If you’ve manually checked each tire (including the spare) with a pressure gauge, you’ve done your due diligence. If the TPMS light is still on, it may need to be “reminded” that the tires are good to go. To do that, you’ll need to reset the TPMS.
How to Do a Jeep Wrangler TPMS Reset
Sometimes, the TPMS light is stubborn and won’t turn off when it’s supposed to. Let’s assume you’ve done your due diligence and have confirmed your tires are all at the proper air level. At this point, you’ll want to figure out why the sensor is still triggering.
Unfortunately, there’s no TPMS reset button on the Wrangler to make this issue go away. The TPMS light will remain on until the issue is “solved.” See if you can “remind” the sensor that the PSI is actually at the proper level. There are several steps to try and do this.
Inflate, Deflate, Then Reinflate Tires
Inflate every tire (including the spare) to around 3 PSI over the proper pressure value. Then, deflate them to a bit below the correct pressure. Finally, reinflate to the correct pressure.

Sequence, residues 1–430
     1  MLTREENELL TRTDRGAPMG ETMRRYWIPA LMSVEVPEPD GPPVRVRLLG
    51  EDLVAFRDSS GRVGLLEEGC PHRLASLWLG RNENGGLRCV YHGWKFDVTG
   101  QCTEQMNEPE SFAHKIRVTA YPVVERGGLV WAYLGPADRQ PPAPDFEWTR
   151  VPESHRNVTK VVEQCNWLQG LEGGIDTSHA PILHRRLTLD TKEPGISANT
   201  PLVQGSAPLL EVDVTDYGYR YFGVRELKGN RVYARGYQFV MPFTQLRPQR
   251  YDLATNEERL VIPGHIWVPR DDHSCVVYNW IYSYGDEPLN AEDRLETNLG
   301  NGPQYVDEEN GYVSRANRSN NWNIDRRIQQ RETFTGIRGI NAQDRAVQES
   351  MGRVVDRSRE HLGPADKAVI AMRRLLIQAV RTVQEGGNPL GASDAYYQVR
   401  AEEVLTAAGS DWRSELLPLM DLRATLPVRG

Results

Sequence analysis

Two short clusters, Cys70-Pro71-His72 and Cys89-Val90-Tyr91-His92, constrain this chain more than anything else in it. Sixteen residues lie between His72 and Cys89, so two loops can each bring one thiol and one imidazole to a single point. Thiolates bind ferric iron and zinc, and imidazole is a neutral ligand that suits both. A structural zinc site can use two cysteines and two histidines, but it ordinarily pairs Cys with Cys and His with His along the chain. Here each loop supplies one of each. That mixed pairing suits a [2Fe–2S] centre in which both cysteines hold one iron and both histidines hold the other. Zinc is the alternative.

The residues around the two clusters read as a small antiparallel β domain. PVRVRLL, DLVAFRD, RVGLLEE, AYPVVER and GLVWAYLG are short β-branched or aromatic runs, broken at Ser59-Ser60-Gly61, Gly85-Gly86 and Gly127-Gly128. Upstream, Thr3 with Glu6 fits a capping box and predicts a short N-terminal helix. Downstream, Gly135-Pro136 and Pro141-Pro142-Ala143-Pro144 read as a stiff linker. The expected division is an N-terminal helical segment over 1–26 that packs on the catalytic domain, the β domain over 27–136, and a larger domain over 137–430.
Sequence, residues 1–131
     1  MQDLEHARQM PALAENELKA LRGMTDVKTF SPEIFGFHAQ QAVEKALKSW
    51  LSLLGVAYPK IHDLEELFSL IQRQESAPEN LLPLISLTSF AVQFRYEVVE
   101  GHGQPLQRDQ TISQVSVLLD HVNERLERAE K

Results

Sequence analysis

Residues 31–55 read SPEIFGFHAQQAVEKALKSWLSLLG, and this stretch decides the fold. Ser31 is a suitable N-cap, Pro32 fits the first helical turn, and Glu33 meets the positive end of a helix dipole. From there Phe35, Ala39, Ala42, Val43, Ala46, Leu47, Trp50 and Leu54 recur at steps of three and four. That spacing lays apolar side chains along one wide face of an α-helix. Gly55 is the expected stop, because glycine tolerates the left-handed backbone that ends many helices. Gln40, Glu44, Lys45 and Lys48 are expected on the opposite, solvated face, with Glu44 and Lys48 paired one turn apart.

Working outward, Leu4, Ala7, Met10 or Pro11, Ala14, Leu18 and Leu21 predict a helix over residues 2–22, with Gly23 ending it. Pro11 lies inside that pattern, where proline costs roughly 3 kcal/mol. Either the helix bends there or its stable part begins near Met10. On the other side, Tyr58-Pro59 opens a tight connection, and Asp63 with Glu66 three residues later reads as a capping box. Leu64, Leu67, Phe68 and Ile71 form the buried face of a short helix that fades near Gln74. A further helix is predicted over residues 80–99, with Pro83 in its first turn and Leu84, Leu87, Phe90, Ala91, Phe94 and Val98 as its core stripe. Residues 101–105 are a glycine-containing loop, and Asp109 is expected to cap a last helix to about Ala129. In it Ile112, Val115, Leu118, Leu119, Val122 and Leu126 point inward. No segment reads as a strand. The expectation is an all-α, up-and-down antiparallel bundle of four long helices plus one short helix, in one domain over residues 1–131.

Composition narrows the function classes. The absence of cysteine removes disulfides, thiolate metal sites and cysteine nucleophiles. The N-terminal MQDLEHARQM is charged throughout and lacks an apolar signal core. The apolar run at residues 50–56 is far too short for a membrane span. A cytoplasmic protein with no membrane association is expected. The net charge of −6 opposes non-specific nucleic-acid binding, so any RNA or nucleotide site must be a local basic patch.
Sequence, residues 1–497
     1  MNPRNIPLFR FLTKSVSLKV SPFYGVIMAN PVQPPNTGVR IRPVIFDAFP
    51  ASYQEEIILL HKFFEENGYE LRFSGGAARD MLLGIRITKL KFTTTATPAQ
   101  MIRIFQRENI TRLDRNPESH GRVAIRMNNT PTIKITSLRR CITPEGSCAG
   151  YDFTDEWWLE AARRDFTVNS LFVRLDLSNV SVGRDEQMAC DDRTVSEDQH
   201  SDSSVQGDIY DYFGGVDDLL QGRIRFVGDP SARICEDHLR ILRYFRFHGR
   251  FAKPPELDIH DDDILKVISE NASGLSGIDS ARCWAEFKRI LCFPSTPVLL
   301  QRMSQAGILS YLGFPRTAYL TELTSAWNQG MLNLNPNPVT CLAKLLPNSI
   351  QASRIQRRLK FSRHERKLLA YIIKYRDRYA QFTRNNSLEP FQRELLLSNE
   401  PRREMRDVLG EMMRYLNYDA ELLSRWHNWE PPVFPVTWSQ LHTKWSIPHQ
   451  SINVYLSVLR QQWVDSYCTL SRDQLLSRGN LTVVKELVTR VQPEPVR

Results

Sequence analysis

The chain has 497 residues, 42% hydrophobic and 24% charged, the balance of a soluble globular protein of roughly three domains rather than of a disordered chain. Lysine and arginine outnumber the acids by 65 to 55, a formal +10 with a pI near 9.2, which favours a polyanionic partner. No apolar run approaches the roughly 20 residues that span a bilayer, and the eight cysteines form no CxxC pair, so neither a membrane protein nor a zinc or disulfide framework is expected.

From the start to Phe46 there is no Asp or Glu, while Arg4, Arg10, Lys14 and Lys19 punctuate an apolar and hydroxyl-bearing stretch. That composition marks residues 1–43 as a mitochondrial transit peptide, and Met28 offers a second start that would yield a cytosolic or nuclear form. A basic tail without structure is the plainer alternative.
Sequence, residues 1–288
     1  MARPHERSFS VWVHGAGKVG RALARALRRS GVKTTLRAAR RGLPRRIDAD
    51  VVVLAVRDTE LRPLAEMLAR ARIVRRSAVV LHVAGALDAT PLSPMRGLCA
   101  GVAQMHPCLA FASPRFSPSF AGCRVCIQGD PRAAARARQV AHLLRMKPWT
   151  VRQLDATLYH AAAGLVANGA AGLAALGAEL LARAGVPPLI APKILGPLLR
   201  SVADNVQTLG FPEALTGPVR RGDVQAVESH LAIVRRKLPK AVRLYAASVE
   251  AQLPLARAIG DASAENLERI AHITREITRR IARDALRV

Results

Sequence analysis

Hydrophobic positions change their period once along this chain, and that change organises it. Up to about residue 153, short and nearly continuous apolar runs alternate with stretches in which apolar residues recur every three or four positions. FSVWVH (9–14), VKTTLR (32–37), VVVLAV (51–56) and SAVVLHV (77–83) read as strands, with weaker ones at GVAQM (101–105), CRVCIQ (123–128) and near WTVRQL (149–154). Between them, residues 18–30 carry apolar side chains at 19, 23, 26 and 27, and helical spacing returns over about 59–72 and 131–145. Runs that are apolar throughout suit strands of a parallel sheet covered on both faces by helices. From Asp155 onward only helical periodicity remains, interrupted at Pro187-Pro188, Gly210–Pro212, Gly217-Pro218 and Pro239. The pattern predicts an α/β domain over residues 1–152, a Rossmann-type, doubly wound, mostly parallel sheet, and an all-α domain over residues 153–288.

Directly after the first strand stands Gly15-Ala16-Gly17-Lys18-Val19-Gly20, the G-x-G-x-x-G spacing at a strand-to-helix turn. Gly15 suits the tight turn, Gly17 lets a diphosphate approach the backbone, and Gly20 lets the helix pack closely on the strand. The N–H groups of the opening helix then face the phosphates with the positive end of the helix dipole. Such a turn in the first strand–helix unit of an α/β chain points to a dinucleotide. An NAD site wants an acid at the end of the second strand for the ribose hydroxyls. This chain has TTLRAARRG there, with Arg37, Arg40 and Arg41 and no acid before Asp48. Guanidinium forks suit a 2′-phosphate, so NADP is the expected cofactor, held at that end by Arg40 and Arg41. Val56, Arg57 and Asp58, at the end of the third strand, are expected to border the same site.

Drive for 20 Minutes
Driving for 20 minutes above 15 mph should also get the light to turn off. If your tires are at the correct PSI, this should get them warm enough for the system to reflect the reinflation.
Check with TPMS Programmer
If all else fails, a TPMS programmer might be needed. This means a sensor has gone bad and needs to be reprogrammed. Your local dealer or mechanic is the best place to go. It’s likely not worth buying your own.
Replace TPMS Sensor
If the TPMS programmer does not solve the issue, it’s likely the sensor itself needs to be replaced. Some TPMS programmers will even tell you so. Replacing the sensor is a bit of a pain to do in your own garage, and the individual sensor is about $100 for an OEM unit. Fortunately, aftermarket TPMS units that work just as well can be bought for less than half that.
Keeping Your Tires at the Proper Inflation Level
Remember that the TPMS sensors aren’t a substitute for proper tire maintenance. It’s your responsibility to keep your tires at a safe inflation level. While you’re checking them, ensure that the tread is also looking good. This is critical for safety.
Tires are responsible for taking everything the road throws at them, including high speeds, corners, and braking. No matter what you drive, make checking your tires a part of your routine auto maintenance.